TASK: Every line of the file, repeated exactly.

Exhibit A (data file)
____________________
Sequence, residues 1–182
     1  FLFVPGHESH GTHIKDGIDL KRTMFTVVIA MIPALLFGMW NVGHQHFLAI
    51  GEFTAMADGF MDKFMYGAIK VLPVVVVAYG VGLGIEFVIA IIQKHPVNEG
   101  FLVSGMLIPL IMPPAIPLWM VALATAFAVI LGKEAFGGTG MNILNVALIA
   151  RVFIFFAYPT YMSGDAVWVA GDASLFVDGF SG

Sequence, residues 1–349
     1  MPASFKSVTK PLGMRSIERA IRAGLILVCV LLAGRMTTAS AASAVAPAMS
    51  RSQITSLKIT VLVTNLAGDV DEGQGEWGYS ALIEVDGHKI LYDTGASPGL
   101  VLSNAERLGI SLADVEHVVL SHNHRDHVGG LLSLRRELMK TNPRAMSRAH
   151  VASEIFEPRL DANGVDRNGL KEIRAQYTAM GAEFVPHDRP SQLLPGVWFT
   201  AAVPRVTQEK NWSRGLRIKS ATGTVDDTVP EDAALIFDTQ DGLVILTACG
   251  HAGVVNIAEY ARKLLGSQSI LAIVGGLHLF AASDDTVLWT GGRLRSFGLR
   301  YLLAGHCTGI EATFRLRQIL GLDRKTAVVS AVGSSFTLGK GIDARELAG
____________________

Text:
Sequence, residues 1–182
     1  FLFVPGHESH GTHIKDGIDL KRTMFTVVIA MIPALLFGMW NVGHQHFLAI
    51  GEFTAMADGF MDKFMYGAIK VLPVVVVAYG VGLGIEFVIA IIQKHPVNEG
   101  FLVSGMLIPL IMPPAIPLWM VALATAFAVI LGKEAFGGTG MNILNVALIA
   151  RVFIFFAYPT YMSGDAVWVA GDASLFVDGF SG

Sequence, residues 1–349
     1  MPASFKSVTK PLGMRSIERA IRAGLILVCV LLAGRMTTAS AASAVAPAMS
    51  RSQITSLKIT VLVTNLAGDV DEGQGEWGYS ALIEVDGHKI LYDTGASPGL
   101  VLSNAERLGI SLADVEHVVL SHNHRDHVGG LLSLRRELMK TNPRAMSRAH
   151  VASEIFEPRL DANGVDRNGL KEIRAQYTAM GAEFVPHDRP SQLLPGVWFT
   201  AAVPRVTQEK NWSRGLRIKS ATGTVDDTVP EDAALIFDTQ DGLVILTACG
   251  HAGVVNIAEY ARKLLGSQSI LAIVGGLHLF AASDDTVLWT GGRLRSFGLR
   301  YLLAGHCTGI EATFRLRQIL GLDRKTAVVS AVGSSFTLGK GIDARELAG